What things did you love about teaching?
I loved being in the classroom – working with the students and the Steiner curriculum [which is a wise and clever thing]. Later when I side-stepped into too much administration and other non-teaching roles I simply dried up and eventually became ill. That made me really conscious that it was the art of teaching that I really loved.
You said that you spent many years attempting to establish an alternative school for your eldest daughter. Why was this important to you? What was lacking in schools available to you? How would your school differ?
My feeble attempts to start a school were short lived, I did not go as far as you did as there was little support or enthusiasm for my initiative. Within two years I had discovered Steiner Education and serendipitously fallen head first into that with my two daughters. Both began to bloom and blossom in ways they never had in the state system they were so briefly in and I soon transferred my interest and passion to that form of education. I began an informal study under the auspices of a venerable old retired teacher and soon went on to study full time. I think I was incredibly fortunate for throughout this time I was mentored and supported by several practising teachers, and one wonderful head lecturer who went out of his way to keep pouring his wisdom into my listening ears.
How wonderful to have the support and encouragement of a community so passionate about children and education. Do you have anything else to add?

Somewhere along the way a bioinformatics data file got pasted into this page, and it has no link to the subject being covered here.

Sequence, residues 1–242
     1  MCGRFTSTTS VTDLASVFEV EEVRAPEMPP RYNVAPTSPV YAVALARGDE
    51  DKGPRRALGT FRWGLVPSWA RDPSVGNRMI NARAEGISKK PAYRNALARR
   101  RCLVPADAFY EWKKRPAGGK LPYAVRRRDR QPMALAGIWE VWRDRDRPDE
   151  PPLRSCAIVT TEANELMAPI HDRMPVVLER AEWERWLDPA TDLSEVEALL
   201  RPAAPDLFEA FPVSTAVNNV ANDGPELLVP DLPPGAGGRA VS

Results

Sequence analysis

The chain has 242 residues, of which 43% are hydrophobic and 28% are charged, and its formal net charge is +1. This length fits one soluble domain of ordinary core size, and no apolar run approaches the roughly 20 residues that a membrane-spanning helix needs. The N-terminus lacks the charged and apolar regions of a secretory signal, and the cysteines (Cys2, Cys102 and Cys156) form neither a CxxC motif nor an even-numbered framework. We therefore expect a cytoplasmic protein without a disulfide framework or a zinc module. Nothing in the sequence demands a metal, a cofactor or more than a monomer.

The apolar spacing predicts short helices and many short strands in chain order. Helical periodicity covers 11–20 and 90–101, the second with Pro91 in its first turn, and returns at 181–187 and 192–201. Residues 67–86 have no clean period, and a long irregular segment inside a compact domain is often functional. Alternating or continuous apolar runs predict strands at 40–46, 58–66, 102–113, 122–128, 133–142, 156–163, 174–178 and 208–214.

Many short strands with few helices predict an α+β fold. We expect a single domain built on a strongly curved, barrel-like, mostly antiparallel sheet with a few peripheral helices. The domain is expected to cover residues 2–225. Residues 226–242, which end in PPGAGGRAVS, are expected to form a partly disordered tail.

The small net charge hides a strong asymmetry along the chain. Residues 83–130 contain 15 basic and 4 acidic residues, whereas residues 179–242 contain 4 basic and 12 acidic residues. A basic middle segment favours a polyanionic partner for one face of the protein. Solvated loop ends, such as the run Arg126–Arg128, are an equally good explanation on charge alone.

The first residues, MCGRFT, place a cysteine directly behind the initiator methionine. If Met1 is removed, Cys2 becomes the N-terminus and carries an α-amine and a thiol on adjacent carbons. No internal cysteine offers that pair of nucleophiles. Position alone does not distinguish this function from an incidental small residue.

Only that, from this vantage point I find I have become a person who would like schools scrapped and to see education in the true meaning of the word be given back to parents and the community. My new mantra is ‘It takes a village to raise a child – and educate one too.’
I totally agree with your new mantra, Pauline! Thank you for your openness in responding to my questions. I could hear the passion in your words as you answered them. I appreciate the time you took out of your contented creative schedule to share your thoughts with us. I think there are many of us who could do with some contentment mentoring. I look forward to welcoming you back next week to share in your wisdom about children and parenting. I’d also love to know more about the Steiner curriculum. Another conversation …
Addendum: Since this post was published, in an attempt to add clarity to her statement referring to the scrapping of schools, Pauline has expressed some of her reasons for wishing to see changes to schools and the way children are educated. She has done so in a response to an observation made and query posed by Anne Goodwin which you can read here, and a little more clarification here. I apologise, Pauline, if the inclusion of that statement misrepresented your position and caused you concern. It made perfect sense to me! The differences I see between education and schooling feature regularly in my posts.
Thank you for reading. I appreciate your feedback. Please share your thoughts.